Its a world where there is a desperate desire for a fantasy world, for something that goes just beyond the facts. Since the world of truth is a harsh one, that provides no relief from the relentless jar of reality, the world must be simplified and fixes must be in easy reach.

After realizing that bad could be good for me, I looked at religious hypocrites differently. I saw them as I saw my mother, people who didn’t want to act like they did, but were too scared to change. I had learned to walk in others’ shoes. It’s something I frequently forget when I watch the town hellers, yellers and deceitful congress critters daily strive to ruin our nation and seemingly are oblivious to the damage they try to cause.

I can’t practice what I preach, if I only blame them for why our government has gone so wrong and created so many broken systems that do not help us make good decisions for the greater community and call on all of us to make sacrifices for that community and my grandchildren’s future.

My solution would be for all of us to focus much more on systems and much less on the actors who play out roles so those with wealth and power can seek more of the same to avoid their own inner demons. I recognize how simplistic that sounds. It seems to me the only way to build a people power movement that could succeed. The people have to believe in the real world where they must take personal responsibility for themselves and others, where facts matter when establishing new systems that serve everyone as equally as feasible. A world where truth dis-spells illogic, lies, propaganda and self-serving nonsense. A world that accepts and helps the frightened souls who only want to blame others for their scary world.

Here are some other links on Gervais’s movie:

Gervais blog with other reviews

The Invention of Lying – Official Ricky Gervais Interview

The Invention of Lying – B Roll 2

Since I have delved into a review of a movie that I have not seen, let me remind you of another movie I sort of reviewed in a past post that debuts on Nov. 6, The Men Who Stare at Goats (trailer) that stars George Clooney, Ewan McGregor, Kevin Spacey, Jeff Bridges and Rebecca Mader.


  1. cocktailhag says:

    Not all of the players in this system are just puppets; many have been doing the same things their whole lives. (The Dick is an example…) Which of course, makes it doubly frustrating to watch. Sounds like an interesting film.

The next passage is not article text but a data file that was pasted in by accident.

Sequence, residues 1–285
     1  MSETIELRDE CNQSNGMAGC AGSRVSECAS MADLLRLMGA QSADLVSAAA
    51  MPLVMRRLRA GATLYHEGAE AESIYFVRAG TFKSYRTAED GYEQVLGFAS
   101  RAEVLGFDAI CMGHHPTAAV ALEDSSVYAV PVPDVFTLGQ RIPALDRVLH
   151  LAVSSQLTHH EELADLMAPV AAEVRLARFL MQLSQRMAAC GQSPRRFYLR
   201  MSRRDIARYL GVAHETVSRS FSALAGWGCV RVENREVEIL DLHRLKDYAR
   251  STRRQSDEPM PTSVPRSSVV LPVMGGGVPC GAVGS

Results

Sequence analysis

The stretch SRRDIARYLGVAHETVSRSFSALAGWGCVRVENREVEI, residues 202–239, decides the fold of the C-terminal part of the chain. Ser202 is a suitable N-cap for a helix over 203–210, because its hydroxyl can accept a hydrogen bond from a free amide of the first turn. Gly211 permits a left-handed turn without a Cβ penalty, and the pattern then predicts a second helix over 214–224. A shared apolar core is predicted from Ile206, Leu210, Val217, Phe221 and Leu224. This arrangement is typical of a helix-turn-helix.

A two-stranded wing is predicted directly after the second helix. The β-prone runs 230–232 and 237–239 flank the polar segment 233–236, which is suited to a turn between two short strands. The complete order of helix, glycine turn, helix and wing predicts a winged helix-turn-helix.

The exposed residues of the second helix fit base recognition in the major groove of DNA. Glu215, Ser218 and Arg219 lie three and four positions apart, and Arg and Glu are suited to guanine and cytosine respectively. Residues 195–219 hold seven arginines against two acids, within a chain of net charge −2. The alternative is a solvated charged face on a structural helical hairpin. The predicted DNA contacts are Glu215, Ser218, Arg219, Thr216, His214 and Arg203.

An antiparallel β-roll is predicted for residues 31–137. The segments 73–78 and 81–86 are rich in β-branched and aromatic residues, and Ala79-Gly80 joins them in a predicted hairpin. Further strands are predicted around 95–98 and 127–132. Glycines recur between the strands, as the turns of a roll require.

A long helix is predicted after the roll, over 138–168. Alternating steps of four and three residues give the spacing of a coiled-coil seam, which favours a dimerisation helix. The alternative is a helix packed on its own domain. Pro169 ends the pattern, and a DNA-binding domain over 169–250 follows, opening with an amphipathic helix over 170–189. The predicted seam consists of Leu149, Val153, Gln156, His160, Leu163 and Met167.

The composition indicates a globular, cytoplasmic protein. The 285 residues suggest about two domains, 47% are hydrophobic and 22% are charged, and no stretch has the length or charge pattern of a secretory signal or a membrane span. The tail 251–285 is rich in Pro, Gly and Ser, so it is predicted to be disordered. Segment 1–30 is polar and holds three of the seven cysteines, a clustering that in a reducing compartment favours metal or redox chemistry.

2. Jeb says:

    “Religion is the opiate of the people (often said as masses).” – Marx

    • nailheadtom says:

      “A house may be large or small; as long as the neighboring houses are likewise small, it satisfies all social requirement for a residence. But let there arise next to the little house a palace, and the little house shrinks to a hut. The little house now makes it clear that its inmate has no social position at all to maintain, or but a very insignificant one; and however high it may shoot up in the course of civilization, if the neighboring palace rises in equal or even in greater measure, the occupant of the relatively little house will always find himself more uncomfortable, more dissatisfied, more cramped within his four walls.”

      Karl Marx, 1847

      • rmp says:

        Excellent example. One’s view of life and its challenges certainly depends on perspective. That’s why a glass half full or half empty perspective can make such a difference. For everything bad that happens, one can find good if a search is made. Far too many people don’t even begin a search. They are too busy finding blame.

      • cocktailhag says:

        What, only one palace? These days the rich require a half dozen or so. John McCain couldn’t even keep track of them all. And those with four little walls are just happy that it’s better than under an overpass…. Marx had absolutely no idea how far things would go.

        • The Heel says:

          You hit a major point, Tart, “they all” had absolutely no idea how far things would go.

          I remember being forced to read Orwell’s “1984″ back in the early 80s, with “the year” approaching. Our teacher asked probing questions if we could imagine a world with such perfect surveillance technology and a government committing such heinous, ruthless crimes. Most of us looked at him with almost merciful frowns. The closest thing we could imagine was the Soviet Union (minus the technology).